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The Desk

“The desk” is another name for the rostrum where the presiding officer and various clerks of the chamber sit.

According to recent practices, most bills, resolutions, and committee reports are delivered to the clerks at the presiding officer’s desk for processing throughout the day.

The desk holds significant symbolic and functional importance in the legislative process.

Symbolically, it represents the authority and control that the presiding officer holds over the chamber’s proceedings.

From the desk, the presiding officer can oversee debates, enforce the rules of the chamber, and ensure orderly conduct among the members.

They also hold the power to recognize members who wish to speak, call for votes, and announce the results.

Functionally, the desk serves as a working space for the presiding officer and often for the clerks or other staff assisting with the legislative process.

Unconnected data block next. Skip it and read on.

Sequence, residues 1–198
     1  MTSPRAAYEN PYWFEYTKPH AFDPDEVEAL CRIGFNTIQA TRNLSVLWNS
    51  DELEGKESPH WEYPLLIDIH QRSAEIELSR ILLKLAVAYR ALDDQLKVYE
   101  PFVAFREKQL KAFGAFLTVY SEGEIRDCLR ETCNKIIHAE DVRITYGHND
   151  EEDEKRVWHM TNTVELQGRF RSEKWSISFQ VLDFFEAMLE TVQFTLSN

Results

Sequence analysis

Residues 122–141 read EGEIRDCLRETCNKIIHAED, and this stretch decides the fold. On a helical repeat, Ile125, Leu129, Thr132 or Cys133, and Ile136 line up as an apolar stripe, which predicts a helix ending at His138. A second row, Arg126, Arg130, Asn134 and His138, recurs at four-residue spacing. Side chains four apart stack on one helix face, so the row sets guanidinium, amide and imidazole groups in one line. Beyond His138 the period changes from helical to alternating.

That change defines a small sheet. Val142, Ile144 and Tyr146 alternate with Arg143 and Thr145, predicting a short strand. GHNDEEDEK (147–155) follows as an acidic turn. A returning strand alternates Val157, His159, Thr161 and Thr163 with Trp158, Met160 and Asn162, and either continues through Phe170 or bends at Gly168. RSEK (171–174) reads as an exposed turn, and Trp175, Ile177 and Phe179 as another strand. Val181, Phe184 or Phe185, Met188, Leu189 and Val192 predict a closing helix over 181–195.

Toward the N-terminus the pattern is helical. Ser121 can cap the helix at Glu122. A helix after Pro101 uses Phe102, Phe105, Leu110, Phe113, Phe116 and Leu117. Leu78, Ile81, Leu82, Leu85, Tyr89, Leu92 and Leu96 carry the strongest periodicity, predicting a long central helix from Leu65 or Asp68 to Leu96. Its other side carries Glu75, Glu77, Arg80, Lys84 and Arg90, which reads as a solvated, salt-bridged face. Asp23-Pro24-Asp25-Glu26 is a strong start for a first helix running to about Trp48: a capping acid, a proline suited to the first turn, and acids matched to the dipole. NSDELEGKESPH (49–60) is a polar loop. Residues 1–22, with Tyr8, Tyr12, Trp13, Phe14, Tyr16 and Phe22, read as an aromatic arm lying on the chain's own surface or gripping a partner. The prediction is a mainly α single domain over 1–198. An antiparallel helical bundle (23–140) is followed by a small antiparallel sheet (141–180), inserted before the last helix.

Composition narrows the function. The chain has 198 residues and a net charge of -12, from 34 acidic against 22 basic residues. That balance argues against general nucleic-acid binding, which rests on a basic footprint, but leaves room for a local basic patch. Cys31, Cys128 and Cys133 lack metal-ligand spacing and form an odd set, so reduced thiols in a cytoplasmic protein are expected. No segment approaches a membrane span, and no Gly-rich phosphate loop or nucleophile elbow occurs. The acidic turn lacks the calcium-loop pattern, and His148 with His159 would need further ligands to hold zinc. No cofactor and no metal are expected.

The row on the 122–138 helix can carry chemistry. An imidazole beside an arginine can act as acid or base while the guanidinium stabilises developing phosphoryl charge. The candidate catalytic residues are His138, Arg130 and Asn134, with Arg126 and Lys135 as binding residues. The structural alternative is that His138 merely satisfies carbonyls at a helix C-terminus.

It is typically equipped with a variety of tools and references, including a gavel to maintain order, a sound system for communication, copies of the chamber’s rules and procedures, and possibly screens or other technology to assist with vote tallying or other administrative tasks.

Furthermore, in a broader context, “the desk” can also refer to the place where bills, resolutions, and other legislative items are officially received and processed in the legislative chamber.

For instance, the “hopper” is usually placed next to the rostrum.

The phrase “to lay something on the desk” means to officially introduce a legislative item for consideration.

Thus, it serves as both a physical space and a conceptual cornerstone of legislative activity.